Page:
Oedipus Rex

898 words 4 pages
The philosopher Aristotle wrote his work Poetics as a deconstruction of aesthetics approximately 50 years after the death of Sophocles, the author of Oedipus Rex. Aristotle was a great admirer of the works of Sophocles and is said to have considered Oedipus Rex to be the perfect tragedy and the basis for his thoughts in Poetics. He defines tragedy as, “an imitation of an action that is serious, complete, and of a certain magnitude; in language embellished with each kind of artistic ornament, the several kinds being found in separate parts of the play; in the form of action, not of narrative; with incidents arousing pity and fear, wherewith to accomplish its catharsis of such emotions…Every tragedy, therefore, must have six parts, which …show more content…
In the case of Oedipus the mistake made is him thinking he can change his fate and the actions he takes once he learns of his fate.
The remaining parts of the perfect tragedy of thought, diction, spectacle, and melody are also witnessed in Oedipus Rex. This includes mainly how the information concerning the plot and characters is relayed to the audience. It should be done with appropriate words and songs and in a beautiful manner. This all seems very relative to the time and place of the play, but is also universal in that it is important to appeal to the audience in an intelligent manner.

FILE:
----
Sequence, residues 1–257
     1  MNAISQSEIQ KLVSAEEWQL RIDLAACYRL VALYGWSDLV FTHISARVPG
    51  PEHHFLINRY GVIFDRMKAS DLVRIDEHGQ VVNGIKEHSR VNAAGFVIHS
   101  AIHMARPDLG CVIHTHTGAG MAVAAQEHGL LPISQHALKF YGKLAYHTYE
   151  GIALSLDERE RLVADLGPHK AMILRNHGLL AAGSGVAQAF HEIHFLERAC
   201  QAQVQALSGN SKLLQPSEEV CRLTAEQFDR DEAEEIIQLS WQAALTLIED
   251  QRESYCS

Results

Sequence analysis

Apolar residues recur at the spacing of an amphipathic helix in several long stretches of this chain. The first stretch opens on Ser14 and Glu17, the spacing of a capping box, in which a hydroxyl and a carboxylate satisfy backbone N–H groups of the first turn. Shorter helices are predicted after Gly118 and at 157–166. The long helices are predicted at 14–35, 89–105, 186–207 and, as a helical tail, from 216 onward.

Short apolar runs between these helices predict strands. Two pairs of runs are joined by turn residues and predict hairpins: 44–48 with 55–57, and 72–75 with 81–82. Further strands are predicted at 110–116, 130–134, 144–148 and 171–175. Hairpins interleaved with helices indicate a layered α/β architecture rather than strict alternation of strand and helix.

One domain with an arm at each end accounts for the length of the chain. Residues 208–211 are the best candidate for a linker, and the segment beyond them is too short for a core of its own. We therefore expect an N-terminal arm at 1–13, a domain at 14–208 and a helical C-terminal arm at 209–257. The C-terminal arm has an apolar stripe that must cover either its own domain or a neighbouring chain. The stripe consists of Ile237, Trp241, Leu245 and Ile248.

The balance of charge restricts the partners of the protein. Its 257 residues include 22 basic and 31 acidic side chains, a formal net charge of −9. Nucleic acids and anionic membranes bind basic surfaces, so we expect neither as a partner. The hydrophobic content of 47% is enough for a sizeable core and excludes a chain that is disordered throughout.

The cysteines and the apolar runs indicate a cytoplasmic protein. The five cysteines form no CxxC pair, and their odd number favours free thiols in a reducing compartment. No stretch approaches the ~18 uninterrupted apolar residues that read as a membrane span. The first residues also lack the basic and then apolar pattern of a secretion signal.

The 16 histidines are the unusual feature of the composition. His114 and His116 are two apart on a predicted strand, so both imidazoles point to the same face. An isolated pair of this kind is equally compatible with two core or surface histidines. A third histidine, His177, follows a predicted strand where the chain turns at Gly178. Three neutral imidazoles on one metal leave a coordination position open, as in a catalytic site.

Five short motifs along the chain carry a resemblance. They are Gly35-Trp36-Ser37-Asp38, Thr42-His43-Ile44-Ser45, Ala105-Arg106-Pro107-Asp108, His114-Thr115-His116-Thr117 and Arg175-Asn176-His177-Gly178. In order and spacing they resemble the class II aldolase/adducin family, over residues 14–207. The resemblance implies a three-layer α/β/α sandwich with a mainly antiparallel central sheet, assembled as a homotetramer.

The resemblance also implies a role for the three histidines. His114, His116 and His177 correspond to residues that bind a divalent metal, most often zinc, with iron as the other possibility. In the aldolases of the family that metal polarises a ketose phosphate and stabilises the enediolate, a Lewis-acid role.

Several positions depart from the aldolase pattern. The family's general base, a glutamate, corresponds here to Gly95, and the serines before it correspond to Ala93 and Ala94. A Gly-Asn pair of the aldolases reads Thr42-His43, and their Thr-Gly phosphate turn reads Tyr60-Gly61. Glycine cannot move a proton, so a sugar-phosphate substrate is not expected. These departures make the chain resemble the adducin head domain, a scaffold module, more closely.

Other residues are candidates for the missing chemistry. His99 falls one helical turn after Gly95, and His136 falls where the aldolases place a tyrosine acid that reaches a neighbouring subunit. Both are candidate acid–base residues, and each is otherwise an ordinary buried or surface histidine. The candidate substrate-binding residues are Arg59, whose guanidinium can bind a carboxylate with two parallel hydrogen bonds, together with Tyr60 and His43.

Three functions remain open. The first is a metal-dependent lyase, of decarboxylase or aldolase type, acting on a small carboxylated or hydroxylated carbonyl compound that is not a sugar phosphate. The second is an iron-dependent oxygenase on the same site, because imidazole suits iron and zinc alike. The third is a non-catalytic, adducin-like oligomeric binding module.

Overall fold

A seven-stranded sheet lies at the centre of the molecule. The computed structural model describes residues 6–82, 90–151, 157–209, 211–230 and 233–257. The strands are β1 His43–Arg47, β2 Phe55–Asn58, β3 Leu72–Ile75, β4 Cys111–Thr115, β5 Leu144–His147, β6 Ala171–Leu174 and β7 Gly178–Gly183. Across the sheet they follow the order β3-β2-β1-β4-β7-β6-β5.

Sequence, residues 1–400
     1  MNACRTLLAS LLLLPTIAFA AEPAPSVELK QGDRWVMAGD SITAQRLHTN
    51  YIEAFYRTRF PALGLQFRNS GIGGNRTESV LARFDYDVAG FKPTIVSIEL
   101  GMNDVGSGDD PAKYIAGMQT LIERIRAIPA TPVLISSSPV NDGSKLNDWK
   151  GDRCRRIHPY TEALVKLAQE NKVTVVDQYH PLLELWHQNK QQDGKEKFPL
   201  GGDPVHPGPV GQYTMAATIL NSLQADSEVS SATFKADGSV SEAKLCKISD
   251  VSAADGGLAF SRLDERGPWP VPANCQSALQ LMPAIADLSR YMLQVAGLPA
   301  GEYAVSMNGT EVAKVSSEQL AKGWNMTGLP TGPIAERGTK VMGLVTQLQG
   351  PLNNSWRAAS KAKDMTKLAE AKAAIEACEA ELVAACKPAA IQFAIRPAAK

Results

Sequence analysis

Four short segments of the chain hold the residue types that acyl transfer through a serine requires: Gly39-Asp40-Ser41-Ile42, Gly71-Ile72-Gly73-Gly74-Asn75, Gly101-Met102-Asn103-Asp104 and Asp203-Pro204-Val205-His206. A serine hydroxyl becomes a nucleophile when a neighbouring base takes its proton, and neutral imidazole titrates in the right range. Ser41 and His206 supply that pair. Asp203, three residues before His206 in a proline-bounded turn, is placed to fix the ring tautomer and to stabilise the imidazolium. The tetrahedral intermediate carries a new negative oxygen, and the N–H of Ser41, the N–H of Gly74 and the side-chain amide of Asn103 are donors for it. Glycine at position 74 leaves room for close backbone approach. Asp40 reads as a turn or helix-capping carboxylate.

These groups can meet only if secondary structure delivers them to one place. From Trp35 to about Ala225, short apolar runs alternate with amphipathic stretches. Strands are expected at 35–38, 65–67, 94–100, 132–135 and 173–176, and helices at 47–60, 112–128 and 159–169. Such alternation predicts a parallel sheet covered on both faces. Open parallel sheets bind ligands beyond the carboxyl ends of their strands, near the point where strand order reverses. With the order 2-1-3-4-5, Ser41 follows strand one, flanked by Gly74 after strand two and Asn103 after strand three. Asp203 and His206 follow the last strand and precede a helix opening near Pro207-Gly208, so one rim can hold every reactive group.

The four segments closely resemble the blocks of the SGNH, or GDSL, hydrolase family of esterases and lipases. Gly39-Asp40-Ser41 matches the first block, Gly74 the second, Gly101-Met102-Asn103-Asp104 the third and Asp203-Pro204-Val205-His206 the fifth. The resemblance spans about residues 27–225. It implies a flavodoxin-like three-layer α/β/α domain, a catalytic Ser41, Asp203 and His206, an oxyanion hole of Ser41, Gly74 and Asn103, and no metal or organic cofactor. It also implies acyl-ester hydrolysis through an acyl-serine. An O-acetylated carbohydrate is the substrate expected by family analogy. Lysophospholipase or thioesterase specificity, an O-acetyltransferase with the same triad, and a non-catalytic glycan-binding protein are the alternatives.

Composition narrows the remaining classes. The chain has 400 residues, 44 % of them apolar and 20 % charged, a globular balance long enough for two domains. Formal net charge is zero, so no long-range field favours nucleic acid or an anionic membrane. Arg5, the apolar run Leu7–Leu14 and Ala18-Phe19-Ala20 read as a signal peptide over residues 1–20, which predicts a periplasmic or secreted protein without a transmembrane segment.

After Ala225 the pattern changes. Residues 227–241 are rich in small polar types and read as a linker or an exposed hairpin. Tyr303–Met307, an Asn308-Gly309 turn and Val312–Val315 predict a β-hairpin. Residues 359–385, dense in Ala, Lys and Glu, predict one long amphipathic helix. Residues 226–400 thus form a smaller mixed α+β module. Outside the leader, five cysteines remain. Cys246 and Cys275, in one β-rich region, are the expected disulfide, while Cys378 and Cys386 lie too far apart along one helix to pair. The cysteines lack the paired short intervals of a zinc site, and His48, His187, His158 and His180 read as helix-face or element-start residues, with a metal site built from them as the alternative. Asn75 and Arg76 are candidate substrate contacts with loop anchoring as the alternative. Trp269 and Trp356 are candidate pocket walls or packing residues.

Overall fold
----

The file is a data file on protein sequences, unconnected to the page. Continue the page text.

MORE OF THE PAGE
The final key piece to an ideal tragedy presented by Aristotle is that of catharsis. This should be a way for the audience to purge itself, going through pity and fear to arrive at pleasure. Aristotle wanted the audience to feel safe and appropriate amounts of these emotions in order to give them experience for their own lives from the safety of the audience. What exactly is meant by the cleansing nature of tragedy can probably be interpreted in a number of different ways, but that audiences have enjoyed sharing in the tragedy of Oedipus is something that has withstood since it was first performed. That we are still reading and enjoying the play today must be some proof that Aristotle was on to something in holding this play up as an example. Finally, there isn’t much doubt that Aristotle would have considered Sophocles’ Oedipus Rex the ideal tragedy as it

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